Free-living mammals, such as humans and wild mice, display heightened immune activation compared with artificially maintained laboratory mice. These differences are partially attributed to microbial exposure as laboratory mice infected with pathogens exhibit immune profiles more closely resembling that of free-living animals. Here, we examine how colonization by microorganisms within the natural environment contributes to immune system maturation by releasing inbred laboratory mice into an outdoor enclosure. In addition to enhancing differentiation of T cell populations previously associated with pathogen exposure, outdoor release increased circulating granulocytes. However, these "rewilded" mice were not infected by pathogens previously implicated in immune activation. Rather, immune system changes were associated with altered microbiota composition with notable increases in intestinal fungi. Fungi isolated from rewilded mice were sufficient in increasing circulating granulocytes. These findings establish a model to investigate how the natural environment impacts immune development and show that sustained fungal exposure impacts granulocyte numbers.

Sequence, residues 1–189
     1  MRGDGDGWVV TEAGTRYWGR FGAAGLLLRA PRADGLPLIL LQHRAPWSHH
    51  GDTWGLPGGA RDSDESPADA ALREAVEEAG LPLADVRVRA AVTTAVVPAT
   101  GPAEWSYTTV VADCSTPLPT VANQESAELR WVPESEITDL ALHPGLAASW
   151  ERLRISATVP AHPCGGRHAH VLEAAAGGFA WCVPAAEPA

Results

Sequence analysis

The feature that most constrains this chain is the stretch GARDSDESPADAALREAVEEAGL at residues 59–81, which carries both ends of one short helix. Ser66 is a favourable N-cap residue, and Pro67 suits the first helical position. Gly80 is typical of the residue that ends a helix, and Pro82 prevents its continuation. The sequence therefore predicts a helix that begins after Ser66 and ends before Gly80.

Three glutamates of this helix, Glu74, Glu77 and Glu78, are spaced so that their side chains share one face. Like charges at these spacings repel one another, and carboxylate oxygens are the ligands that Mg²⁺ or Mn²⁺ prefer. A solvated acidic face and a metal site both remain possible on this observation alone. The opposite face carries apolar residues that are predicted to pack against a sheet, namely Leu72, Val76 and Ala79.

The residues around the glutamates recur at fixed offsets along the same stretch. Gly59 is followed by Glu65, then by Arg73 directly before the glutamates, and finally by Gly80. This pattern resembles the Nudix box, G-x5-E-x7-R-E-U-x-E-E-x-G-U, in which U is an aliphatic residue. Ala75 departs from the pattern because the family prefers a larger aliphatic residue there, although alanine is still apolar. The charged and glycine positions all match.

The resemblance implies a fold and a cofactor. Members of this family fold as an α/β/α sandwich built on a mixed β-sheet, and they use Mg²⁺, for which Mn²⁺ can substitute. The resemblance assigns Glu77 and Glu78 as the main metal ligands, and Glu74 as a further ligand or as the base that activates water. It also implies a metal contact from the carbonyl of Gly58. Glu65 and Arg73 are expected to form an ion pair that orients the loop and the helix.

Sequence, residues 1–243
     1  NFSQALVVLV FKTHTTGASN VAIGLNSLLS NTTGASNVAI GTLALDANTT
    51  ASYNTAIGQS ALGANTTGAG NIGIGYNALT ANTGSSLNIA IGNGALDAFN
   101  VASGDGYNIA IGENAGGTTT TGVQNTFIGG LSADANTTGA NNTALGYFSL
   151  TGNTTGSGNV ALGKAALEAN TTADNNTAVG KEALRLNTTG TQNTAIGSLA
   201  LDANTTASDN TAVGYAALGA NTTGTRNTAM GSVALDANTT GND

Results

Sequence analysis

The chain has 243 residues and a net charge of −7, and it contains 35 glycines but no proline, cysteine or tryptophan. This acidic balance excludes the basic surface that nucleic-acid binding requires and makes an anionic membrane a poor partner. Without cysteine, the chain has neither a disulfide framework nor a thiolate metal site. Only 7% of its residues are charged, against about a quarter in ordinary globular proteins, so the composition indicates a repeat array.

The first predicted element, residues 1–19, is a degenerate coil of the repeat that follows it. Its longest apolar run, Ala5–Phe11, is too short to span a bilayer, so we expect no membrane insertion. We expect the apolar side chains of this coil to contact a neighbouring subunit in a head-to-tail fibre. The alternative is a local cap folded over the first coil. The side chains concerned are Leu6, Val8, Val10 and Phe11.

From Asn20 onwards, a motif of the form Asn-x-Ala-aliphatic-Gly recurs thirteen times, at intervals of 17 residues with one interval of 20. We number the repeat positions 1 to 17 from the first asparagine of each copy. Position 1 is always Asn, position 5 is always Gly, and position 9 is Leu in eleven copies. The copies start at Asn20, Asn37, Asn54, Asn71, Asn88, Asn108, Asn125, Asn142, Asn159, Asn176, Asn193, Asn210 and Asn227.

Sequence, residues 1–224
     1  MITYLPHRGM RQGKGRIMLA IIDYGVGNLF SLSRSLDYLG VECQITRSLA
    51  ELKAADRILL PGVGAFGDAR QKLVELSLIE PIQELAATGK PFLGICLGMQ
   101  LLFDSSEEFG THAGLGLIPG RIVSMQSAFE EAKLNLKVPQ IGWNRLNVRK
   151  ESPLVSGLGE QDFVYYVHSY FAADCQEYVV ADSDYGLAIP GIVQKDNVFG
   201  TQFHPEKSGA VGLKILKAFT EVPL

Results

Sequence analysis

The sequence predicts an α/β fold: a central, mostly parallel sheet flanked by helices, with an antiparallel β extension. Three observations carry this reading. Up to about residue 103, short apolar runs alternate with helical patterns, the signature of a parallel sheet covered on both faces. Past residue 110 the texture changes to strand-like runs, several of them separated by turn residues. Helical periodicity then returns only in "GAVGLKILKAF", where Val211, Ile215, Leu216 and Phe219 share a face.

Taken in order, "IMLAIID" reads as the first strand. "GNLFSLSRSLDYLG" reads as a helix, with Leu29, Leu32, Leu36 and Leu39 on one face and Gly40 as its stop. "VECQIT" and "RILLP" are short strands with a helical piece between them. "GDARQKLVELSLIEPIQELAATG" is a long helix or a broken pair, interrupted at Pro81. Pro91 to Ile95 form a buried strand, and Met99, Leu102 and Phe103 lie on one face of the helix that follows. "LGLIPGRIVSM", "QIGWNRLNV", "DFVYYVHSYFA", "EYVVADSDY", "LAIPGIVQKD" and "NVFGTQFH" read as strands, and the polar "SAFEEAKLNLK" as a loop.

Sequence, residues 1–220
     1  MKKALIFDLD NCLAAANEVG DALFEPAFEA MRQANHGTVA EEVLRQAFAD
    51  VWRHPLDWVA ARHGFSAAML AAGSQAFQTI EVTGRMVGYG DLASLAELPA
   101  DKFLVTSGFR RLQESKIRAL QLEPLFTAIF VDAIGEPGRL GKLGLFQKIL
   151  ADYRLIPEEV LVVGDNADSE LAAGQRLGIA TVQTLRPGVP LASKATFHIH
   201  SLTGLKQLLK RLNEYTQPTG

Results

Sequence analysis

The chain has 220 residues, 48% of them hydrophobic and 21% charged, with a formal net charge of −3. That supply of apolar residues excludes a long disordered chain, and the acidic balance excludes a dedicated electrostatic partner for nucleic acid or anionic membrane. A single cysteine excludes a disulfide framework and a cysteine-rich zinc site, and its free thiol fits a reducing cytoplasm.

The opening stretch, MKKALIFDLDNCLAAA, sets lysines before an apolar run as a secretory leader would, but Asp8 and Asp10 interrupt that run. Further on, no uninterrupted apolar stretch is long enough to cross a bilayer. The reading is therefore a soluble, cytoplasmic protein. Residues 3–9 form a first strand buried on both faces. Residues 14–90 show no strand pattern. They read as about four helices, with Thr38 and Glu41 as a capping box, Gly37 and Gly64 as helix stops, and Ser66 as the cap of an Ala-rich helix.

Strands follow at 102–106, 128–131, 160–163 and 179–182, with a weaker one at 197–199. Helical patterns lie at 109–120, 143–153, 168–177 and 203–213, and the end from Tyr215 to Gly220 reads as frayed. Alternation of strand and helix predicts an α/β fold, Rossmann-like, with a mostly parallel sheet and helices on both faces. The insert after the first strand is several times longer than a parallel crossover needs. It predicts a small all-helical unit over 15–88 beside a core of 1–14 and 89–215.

Keywords: Aspergillus; fungi; granulocytes; laboratory mice; mesocosm; microbiota; mycobiota; neutrophils; rewilding; wild mice.
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